Washington Post: U.S. weighs expanded CIA training, arming of Syrian allies struggling against Assad
Greg Miller and Karen DeYoung of the Washington Post report on the ongoing conflict in Syria:
The Obama administration has been weighing plans to escalate the CIA’s role in arming and training fighters in Syria, a move aimed at accelerating covert U.S. support to moderate rebel factions while the Pentagon is preparing to establish its own training bases, U.S. officials said.
A decision to expand the CIA program would deepen U.S. involvement in Syria, where the United Nations says 200,000 people have been killed during more than three years of civil war. The agency’s mission is a central but secret component of a broader U.S. effort that also involves airstrikes and an influx of U.S. military advisers into Iraq.
The agency’s ability to scale up its operation over the past year has given officials confidence that U.S. teams can recruit and screen larger numbers of fighters without increasing their exposure to security risks including infiltration by al-Qaeda.
Even so, there is little indication that U.S.-trained and armed moderates have had any substantial impact on the direction of the conflict in Syria.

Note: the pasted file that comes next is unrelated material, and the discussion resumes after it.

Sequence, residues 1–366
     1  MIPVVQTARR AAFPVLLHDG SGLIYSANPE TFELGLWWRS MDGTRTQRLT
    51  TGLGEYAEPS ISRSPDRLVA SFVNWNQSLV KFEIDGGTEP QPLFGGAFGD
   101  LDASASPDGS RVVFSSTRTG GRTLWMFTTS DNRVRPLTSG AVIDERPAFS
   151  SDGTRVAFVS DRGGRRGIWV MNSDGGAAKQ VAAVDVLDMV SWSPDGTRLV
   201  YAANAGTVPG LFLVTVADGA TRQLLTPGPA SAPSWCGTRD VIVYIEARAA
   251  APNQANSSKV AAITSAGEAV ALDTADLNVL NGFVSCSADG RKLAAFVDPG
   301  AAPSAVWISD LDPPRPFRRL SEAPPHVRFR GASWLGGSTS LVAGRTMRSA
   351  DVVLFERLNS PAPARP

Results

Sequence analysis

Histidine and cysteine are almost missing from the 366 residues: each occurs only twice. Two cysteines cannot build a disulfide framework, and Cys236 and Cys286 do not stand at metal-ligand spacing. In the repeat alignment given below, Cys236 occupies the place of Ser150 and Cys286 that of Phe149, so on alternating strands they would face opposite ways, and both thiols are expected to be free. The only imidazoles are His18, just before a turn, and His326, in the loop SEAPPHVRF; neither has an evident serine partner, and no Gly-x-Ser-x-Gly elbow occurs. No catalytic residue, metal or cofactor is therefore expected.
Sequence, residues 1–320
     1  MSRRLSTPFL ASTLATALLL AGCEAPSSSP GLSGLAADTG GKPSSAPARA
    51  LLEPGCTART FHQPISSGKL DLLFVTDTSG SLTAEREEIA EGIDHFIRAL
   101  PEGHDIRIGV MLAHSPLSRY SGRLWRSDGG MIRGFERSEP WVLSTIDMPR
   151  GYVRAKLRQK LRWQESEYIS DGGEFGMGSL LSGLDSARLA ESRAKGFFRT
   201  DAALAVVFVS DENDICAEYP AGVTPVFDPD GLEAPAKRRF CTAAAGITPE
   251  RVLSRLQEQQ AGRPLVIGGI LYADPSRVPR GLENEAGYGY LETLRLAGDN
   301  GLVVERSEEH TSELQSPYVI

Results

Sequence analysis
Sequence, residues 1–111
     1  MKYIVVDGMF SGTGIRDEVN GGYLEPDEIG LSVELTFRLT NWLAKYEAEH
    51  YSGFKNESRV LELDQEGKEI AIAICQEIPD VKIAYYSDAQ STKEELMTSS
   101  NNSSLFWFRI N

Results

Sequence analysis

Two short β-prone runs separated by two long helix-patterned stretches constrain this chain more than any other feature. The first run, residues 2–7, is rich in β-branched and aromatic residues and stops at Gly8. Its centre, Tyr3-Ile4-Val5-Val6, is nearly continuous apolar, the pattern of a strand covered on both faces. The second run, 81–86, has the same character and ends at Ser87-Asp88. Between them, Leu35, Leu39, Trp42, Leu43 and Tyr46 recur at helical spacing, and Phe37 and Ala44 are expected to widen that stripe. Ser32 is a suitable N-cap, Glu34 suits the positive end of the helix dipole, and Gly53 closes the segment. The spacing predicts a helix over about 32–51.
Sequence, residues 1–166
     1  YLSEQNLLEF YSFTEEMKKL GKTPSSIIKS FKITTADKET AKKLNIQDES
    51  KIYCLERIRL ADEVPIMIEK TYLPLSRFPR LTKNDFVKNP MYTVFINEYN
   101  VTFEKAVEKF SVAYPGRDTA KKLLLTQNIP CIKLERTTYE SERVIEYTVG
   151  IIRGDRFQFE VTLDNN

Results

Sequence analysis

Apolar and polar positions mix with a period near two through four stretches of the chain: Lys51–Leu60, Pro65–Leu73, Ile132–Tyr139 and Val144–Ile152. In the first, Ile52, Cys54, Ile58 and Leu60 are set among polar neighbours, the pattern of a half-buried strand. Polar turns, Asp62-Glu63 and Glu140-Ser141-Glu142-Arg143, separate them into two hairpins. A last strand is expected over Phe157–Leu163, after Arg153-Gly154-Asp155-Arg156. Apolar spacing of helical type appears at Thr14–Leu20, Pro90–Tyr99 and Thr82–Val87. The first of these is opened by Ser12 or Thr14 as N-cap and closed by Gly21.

The latest setbacks came this month, when CIA-backed factions were routed by Jabhat al-Nusra, al-Qaeda’s primary affiliate in Syria. Fighters with militias including Harakat Hazm — one of the biggest recipients of U.S. arms — fled positions in towns across northern Syria, with many leaving their weapons to be scooped up by al-Nusra. Rep.
Adam B. Schiff (D-Calif.), a member of the House Intelligence Committee, said the ease with which those groups were overrun exposed problems that will be difficult to offset through remote training, even if it is ramped up.
Scenes of “the moderate opposition either melting away, running away or joining league with al-Nusra is a good indication of the difficulty that we’re going to have,” Schiff said. He would not discuss classified programs but said he has been troubled by other recent developments including the outrage voiced by supposed moderate factions over U.S. airstrikes that hit al-Nusra positions, suggesting that U.S.-backed militias see the al-Qaeda affiliate as an ally against Syrian President Bashar al-Assad and not as an adversary.
The CIA declined to comment on any aspect of its role in Syria.
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By: Greg Miller and Karen DeYoung
Source: Washington Post
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